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President Joe Biden's sweeping announcement on Thursday that calls for private employers with 100 or more employees to require workers to be vaccinated or undergo weekly testing, is set to impact the U.S. Virgin Islands, where private businesses and the central government have steered clear of such mandates. The mandate also requires federal employees in the executive branch and government contractors to be vaccinated.
The announcement is part of a six-point Biden administration initiative to curb the spread of the Covid-19 virus, whose Delta variant has disrupted America's march back to normalcy. It includes boosting vaccinations, the improvement of access to testing, and making Covid-19 treatments more readily available.
Governor Albert Bryan, who had stated he would require vaccination or mandatory weekly Covid-19 testing for government employees beginning Sept. 9, walked back the comment. A request for comment from Mr. Bryan relative to the Biden plan and its impact on the USVI had not been returned at time of publishing.
The Biden mandate is set to affect roughly 80 million private sector workers, and businesses that don't comply can face fines of up to $14,000 per violation. The mandate also requires vaccination for workers in a plurality of healthcare settings that receive Medicare or Medicaid reimbursement. The Juan F. Luis Hospital and the Schneider Regional Medical Center are Medicare and Medicaid participating institutions.
Additionally, all federal employees in the USVI working on the executive branch level will need to be vaccinated, according to the Biden initiative. Those include V.I. District Court, Federal Bureau of Investigation and the Social Security Administration employees, among others.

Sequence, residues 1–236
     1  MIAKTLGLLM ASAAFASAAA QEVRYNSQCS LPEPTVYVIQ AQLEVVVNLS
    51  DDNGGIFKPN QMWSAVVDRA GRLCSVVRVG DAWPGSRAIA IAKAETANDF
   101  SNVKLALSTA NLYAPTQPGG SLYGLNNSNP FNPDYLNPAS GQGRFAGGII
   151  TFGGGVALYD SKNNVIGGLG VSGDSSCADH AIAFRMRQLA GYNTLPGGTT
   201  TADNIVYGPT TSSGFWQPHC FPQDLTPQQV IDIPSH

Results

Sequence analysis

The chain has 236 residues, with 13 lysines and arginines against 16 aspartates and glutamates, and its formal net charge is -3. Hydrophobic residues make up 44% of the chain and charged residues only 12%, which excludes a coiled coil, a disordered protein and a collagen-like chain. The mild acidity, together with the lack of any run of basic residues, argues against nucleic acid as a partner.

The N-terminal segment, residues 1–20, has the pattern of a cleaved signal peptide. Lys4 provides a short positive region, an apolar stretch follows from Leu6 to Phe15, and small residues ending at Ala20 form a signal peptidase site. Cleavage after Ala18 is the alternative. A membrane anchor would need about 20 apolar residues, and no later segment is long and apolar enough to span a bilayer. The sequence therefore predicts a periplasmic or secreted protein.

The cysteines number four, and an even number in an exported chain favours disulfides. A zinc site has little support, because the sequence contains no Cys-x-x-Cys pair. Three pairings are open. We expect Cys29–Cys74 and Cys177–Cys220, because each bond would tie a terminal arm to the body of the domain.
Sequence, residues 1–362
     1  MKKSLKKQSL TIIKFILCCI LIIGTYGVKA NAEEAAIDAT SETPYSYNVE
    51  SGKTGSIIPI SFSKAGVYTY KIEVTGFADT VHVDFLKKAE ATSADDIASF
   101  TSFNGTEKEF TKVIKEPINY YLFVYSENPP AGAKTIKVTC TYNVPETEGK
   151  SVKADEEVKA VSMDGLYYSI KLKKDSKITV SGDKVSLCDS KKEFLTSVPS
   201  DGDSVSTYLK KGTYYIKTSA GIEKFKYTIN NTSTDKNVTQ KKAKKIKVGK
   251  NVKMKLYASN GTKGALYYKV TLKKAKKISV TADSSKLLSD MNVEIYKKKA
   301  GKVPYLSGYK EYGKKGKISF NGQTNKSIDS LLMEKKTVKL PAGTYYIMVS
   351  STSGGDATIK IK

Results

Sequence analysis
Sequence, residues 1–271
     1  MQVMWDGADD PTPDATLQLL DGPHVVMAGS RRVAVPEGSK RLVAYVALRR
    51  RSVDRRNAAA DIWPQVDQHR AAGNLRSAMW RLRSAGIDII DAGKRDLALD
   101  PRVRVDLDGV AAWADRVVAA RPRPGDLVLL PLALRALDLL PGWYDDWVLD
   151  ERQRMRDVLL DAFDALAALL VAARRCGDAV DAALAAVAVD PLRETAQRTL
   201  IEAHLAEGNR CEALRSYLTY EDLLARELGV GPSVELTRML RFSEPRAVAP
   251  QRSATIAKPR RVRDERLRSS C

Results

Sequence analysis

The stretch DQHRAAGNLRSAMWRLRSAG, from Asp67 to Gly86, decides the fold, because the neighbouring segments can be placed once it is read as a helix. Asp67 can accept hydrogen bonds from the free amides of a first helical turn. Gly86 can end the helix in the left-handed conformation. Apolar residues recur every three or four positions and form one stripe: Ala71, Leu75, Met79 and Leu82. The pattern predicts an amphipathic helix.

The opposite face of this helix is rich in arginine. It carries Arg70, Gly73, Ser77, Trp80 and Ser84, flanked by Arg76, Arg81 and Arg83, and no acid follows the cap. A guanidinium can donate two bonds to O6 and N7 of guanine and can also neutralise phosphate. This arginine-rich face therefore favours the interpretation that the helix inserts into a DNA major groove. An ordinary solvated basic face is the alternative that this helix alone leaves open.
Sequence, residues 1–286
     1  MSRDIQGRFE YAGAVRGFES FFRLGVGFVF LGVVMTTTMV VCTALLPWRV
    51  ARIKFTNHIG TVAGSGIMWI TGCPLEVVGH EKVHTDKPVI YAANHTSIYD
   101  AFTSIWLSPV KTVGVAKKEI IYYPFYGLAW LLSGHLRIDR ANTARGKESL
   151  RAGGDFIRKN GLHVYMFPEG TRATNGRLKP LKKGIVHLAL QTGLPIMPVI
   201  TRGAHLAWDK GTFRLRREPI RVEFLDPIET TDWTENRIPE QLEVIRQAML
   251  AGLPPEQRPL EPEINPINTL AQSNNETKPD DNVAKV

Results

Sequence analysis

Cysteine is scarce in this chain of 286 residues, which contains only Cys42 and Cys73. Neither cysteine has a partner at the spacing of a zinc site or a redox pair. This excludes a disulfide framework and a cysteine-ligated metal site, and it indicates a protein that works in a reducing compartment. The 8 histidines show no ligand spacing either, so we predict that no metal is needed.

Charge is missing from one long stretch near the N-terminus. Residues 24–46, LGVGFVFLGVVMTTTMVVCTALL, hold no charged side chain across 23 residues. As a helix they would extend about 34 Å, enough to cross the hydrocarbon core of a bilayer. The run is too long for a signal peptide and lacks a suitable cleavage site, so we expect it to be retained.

Private firms in the USVI with 100 or more employees, most notably Limetree Bay, would need to require vaccination or mandatory weekly testing. Limetree Bay Refining, however, has said it will make redundant its remaining 271 employees on Sept. 19. Limetree Bay Terminals has roughly 115 employees, according to CEO Jeff Rinker. If this employee count holds, terminal workers will face the requirement as well.
The Biden plan has been welcomed by some and seen by others as gross government overreach. “My legal team is standing by ready to file our lawsuit the minute @joebiden files his unconstitutional rule. This gross example of federal intrusion will not stand,” tweeted South Dakota Republican Gov. Kristi Noem (via the Wall Street Journal).
Delegate to Congress Stacey Plaskett lauded the decision in a statement issued late Thursday. “Since President Biden took office, he has pulled every lever to save lives and stop the spread of the virus. Since January 20, our nation has gone from 2 million fully vaccinated Americans to more than 175 million. And since early July, we have seen a consistent trend of increasing vaccinations with an average of 825,000 shots a day. Throughout the pandemic, the Biden administration has worked around the clock to get more people vaccinated, decrease hospitalizations and deaths, and keep our schools and economy open," Ms. Plaskett said.
She added, "... President Biden outlined a robust plan to build on our progress, stop the spread of the Delta variant, and increase vaccinations. The wartime spirit and science-based plan reflects the Biden administration’s whole-of-government approach and unwavering commitment to defeat the deadly virus at home and abroad."